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Recycle Right: The Ultimate Guide to Decoding Those Symbols

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Recycling is one of those things that you probably do without sparing it too much thought: You drink a bottle of water, finish that magazine, or empty out a can of soup, and then toss the item into the recycling bin. But while separating out glass, metal, paper, and plastic from your food scraps and other garbage might feel like a no-brainer, you might want to start thinking twice about what you’re placing in your bin. That’s because a lot of things look like they can be recycled when they actually can’t.  

To help you in your quest to recycle, manufacturers put codes on their plastic containers. You’ve probably seen them—they’re triangles with a number in the middle. There are seven different plastic codes—they are known as the Resin Identification Codes—and they depict what a plastic is made of. The idea is that a glance at the package can tell you what category the material falls under and whether you should toss it in the trash or the recycling bin. Here’s what those numbers mean and what common household items tend to be made from them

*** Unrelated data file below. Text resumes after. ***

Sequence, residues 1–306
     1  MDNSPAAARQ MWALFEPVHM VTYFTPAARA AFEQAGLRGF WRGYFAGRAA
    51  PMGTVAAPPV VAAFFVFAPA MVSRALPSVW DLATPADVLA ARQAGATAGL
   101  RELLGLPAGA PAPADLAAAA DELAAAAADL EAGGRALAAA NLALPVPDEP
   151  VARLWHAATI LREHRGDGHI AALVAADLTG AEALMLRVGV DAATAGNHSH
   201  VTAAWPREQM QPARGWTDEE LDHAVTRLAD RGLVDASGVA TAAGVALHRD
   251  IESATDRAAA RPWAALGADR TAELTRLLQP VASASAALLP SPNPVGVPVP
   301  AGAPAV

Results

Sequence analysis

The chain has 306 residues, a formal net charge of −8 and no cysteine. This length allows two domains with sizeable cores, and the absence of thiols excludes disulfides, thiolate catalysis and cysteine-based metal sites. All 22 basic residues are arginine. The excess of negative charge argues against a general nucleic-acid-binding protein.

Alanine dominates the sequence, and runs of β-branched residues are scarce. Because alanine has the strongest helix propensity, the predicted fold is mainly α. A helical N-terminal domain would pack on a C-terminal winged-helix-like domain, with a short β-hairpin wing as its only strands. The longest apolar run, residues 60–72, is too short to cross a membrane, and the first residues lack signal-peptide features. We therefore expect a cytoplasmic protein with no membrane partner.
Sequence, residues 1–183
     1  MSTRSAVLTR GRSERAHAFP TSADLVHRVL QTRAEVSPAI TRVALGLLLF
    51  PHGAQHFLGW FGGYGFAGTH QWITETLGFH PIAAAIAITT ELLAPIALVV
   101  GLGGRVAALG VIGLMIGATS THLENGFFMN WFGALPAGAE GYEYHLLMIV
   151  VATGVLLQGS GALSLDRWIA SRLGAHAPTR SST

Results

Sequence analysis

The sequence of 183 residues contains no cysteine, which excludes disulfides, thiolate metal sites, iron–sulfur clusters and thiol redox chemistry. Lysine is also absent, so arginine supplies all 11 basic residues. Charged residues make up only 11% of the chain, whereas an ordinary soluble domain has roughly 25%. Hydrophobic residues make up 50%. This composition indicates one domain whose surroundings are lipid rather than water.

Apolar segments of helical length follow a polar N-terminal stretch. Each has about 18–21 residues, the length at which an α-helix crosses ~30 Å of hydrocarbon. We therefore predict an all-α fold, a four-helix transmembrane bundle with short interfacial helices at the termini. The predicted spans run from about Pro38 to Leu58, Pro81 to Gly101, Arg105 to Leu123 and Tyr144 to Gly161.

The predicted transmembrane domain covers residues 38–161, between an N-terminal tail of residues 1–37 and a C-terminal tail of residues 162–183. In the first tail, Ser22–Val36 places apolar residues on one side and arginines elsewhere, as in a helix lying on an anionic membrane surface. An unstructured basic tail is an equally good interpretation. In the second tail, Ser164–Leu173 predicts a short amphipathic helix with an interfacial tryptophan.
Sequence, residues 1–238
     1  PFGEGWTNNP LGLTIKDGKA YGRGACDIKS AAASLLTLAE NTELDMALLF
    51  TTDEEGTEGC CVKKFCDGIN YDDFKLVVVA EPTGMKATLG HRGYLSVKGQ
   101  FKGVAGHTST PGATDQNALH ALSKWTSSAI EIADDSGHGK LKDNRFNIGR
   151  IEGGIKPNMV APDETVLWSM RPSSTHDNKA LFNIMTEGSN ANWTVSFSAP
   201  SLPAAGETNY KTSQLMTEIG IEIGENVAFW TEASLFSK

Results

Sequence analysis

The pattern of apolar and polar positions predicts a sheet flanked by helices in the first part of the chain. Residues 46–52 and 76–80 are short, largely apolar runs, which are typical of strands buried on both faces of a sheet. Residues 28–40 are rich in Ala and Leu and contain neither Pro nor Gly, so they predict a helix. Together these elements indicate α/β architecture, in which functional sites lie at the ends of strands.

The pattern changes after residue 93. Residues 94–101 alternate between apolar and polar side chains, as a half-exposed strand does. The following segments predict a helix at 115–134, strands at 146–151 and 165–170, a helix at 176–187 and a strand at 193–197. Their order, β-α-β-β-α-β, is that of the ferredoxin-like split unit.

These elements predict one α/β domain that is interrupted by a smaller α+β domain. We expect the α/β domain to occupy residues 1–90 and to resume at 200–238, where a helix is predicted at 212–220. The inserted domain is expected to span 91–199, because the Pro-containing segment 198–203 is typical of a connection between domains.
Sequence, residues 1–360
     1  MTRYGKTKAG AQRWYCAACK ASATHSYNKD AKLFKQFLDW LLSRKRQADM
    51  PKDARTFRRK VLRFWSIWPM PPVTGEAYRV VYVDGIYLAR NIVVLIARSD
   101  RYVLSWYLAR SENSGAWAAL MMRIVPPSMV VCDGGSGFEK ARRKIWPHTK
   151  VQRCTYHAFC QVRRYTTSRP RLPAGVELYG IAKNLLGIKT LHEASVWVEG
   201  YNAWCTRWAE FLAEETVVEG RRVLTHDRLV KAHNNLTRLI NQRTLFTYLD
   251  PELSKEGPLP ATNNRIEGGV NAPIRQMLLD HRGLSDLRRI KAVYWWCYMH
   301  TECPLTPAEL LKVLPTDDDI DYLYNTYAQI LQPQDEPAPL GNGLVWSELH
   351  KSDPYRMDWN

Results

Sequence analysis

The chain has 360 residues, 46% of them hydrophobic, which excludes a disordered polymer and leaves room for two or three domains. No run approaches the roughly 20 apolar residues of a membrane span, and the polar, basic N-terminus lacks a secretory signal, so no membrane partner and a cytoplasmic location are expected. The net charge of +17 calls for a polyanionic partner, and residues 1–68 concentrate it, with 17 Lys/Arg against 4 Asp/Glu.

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Ultimately, which codes are recyclable for you depends on your local facility. Chances are, you can recycle anything with numbers 1 and 2 on it, but that might be it. The other numbers are harder to recycle (and you can almost never recycle number 7). To confirm what you can and cannot recycle, look on your local recycling program’s website. 

It’s important to place only recyclable materials in your bin. Many people tend to operate under the philosophy of when in doubt, recycle. Not sure if that shampoo bottle should be included? Err on the side of inclusion and recycle it anyway! But if you put an item that can’t be recycled in your bin, it will need to be separated out at the facility and sent to a landfill—something that costs time and money. Transporting that item to a landfill also uses more energy than if you had just thrown it away to begin with. 

To be clear, it’s good to recycle, and you should keep doing it. But by taking a little time now to check what can and can’t be recycled, you’ll help ensure the recycling system runs efficiently. So next time you’re about to drop that plastic straw, empty detergent container, or depleted olive oil bottle into the bin, check out the triangle and figure out once and for all if you can actually recycle it.